The course seemed to play very well considering the weather they have had in the USA, particularly this summer.  St Louis is one of the toghest places on the planet to grow Bentgrass with extreme summer temperatures and high humidity contributing to the difficulty.  Throw in the fact that they get snow there as well which reduces the growth window and the staff did an enormous job to make it work.  I liked the commonsense sign that greeted the players in the locker room when they arrived.

Some commonsense.

The PGA tour moves to North Carolina and to Sedgefield CC which I wrote about in 2012 when they converted their Bentgrass greens to Champion Couchgrass in a very tight time frame prior to the tournament.  That was done due to the difficulty of growing Bentgrass during summer in their climate when the tournament is held.  Unfortunately some of the worst winter weather on record caused severe dieback on their greens and the staff reportedly planted 135,000 x 2 inch plugs from other greens rather than attempting to re-turf.  A monumental job and reports are that the greens are running beautifully for the tournament.  

Before and after a Sedgefield!!

Back to Cool Tweed and the weather is absolutely superb at the moment.  It's still not warm enough to get the grass really moving as we need the soil temperatures to rise for that to happen.  The River greens are still slow to recover from the shade and wear of the past few months and they got a solid tine aerate earlier this week to try and get some much needed air to the root zone.

A week of tree pruning, predominantly on the West course although we did do a little on the north side of 18R tee and I snapped the photo this afternoon of some sun hitting the surface which would be the first time since probably March.  The pruning certainly lightens the area and the bit of sunlight couldn't possibly do any harm!!  

18R tee

Saturday, August 11, 2018

Another hugely successful Vets week of golf with the amazing run of superb weather continuing for them.  In all the years I think there has omly ever been one wet day and this week the little bit of rain that came was just after play had finished on Monday night as per the radar image below.  And as always I think the courses were left in better order than they started the week!!

Only a few mm but after play!!

And now with all the West greens planted with TifEagle perhaps one of their tests was passed this week when the grazing flock of Cockatoos stayed off the greens and fed only on fairways in the late of the day.  They normally would dig the old Bentgrass greens up and cause significant damage at this time of year.
7W green untouched!

A lot of work being done in the bunkers recently with a practice we call "backfacing"being carried out.  It's a process of dragging sand back down off the bunker face and pushing it back from where players drag the sand when exiting the bunkers.  So essentially levelling the floor of the bunker which is a hard, slow and labourious task but very necessary.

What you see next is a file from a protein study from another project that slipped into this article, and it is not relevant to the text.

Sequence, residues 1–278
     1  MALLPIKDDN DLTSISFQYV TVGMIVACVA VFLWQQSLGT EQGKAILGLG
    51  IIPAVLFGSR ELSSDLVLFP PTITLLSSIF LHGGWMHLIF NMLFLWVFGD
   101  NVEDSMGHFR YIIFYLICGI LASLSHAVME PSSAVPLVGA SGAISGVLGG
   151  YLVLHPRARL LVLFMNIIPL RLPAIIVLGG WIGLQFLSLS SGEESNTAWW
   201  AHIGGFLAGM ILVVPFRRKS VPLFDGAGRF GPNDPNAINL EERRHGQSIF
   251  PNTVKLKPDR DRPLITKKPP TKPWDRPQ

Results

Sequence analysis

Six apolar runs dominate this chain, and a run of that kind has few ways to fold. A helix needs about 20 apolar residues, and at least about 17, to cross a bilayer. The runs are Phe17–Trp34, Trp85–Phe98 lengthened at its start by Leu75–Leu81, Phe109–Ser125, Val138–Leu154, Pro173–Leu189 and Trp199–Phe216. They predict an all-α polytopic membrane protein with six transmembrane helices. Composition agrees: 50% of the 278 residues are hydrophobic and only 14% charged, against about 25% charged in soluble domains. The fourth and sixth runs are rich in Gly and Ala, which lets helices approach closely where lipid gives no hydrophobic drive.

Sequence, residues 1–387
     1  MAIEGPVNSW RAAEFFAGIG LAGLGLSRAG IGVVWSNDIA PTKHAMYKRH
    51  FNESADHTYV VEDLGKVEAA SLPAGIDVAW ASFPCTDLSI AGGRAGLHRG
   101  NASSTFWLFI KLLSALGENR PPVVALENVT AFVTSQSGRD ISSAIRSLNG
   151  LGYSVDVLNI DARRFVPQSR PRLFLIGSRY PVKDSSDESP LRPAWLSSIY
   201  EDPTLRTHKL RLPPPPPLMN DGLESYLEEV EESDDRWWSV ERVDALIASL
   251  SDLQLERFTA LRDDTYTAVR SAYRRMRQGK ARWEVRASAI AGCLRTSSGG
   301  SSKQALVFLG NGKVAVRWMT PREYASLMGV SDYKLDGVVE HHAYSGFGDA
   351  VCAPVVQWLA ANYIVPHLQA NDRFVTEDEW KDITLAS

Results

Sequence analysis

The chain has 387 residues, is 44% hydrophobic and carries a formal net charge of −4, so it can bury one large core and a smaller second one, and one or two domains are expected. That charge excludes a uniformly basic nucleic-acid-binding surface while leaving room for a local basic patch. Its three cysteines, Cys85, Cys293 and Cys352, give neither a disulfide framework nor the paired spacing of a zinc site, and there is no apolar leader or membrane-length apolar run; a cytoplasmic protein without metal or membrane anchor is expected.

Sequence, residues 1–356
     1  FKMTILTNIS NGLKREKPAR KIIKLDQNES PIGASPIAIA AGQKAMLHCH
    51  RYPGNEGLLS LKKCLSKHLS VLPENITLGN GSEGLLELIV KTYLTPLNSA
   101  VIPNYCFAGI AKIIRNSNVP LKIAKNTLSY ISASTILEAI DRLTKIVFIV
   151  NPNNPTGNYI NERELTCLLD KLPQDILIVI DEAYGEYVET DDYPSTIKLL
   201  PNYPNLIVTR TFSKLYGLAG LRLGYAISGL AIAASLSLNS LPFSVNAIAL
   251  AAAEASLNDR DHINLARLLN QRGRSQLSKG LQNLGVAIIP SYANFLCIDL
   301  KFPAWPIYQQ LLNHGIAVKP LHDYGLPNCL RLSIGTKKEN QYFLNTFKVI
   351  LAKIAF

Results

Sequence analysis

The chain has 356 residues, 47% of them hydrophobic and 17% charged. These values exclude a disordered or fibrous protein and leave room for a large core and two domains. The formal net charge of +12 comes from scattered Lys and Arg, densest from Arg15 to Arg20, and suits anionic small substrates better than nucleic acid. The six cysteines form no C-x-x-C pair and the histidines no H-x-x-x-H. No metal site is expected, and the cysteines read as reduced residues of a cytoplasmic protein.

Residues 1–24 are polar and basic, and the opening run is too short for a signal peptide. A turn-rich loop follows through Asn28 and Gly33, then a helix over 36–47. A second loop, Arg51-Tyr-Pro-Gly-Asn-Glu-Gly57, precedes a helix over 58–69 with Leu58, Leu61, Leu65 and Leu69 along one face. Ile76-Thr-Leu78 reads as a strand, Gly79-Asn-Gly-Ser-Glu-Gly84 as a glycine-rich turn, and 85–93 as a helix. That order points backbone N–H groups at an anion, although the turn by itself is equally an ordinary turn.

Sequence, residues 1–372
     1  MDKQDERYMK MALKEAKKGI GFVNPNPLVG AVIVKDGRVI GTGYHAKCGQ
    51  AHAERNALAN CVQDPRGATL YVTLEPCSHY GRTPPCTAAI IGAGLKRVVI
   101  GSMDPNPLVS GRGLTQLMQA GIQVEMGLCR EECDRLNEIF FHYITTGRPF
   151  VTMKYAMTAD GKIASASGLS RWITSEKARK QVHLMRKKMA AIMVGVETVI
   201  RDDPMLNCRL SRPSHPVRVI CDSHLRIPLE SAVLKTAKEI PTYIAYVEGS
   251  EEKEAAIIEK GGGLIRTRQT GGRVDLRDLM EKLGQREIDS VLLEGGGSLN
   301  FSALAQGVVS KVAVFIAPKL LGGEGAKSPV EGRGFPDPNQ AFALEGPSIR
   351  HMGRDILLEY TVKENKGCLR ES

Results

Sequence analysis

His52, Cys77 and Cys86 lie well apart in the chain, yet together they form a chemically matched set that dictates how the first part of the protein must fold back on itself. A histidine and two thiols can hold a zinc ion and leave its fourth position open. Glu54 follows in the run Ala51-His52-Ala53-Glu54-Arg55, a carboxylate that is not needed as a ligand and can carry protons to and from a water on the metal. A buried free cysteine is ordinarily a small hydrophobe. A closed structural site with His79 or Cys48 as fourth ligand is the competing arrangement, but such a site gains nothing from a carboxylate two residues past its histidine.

18W bunker after being backfaced.

This coming week will see some tree work being carried out.  A travel tower will be onsite for the week trimming dead, dangerous and intrusive limbs and a stump grinder will also be onsite grinding and repairing stumps.  

Friday, August 3, 2018

It's certainly nice to get back to the courses and the sensational weather that is more spring like than winter.  For the sake of the turf, particularly on the greens I hope the sun continues to shine.  The River greens are having a very tough time of it with the huge amount of play almost literally wearing them out.  The shaded and heavy walk off traffic areas are feeling it the most.  It is easy to see just how much shade and wear affects the greens when you compare shaded greens like 4, 5 and 12 with full sun greens like 16 and 18 on the River course.  The West greens are not as badly shaded but 3 and 5 are having a tough time of it which is to be expected given that they are still only 9 months old.  The photo below is of 12R green at 1pm last Tuesday and shows the extent of the shade on the green that makes growing quality turf virtually impossible.

12R green at 1 pm.

All in all though the courses are in great shape and a credit to my Assistant Simon and the rest of the crew with the work they have put in over the incredibly busy golfing month just gone.  The comments from players in the Senior Amateur that was held this week were very positive which helps make all the hard work worthwhile.

I mentioned about the resistant Poa annua before I left and unfortunately there is no real breakthrough available for Poa control post emergence but there were a couple of pre emergent options that we may try.  It is hardly surprising as controlling Poa seems to be a bit like curing the common cold which for the first time in my travels I didn't get a cold whilst away.  Given we spent a week in Iceland in their "summer" where the temperature never got above 10 degrees celsius it was a bit of a surprise!!  There was an unexpected large number of golf courses in Iceland that are predominantly Poa annua so they don't need to control it that's for sure.  As an aside I think I saw at least 12 golf courses but not one person playing given the weather, despite nearly 24 hours daylight being available!!  So the upshot at Cool Tweed is that we will be trialing a couple of different options for Poa control this coming season.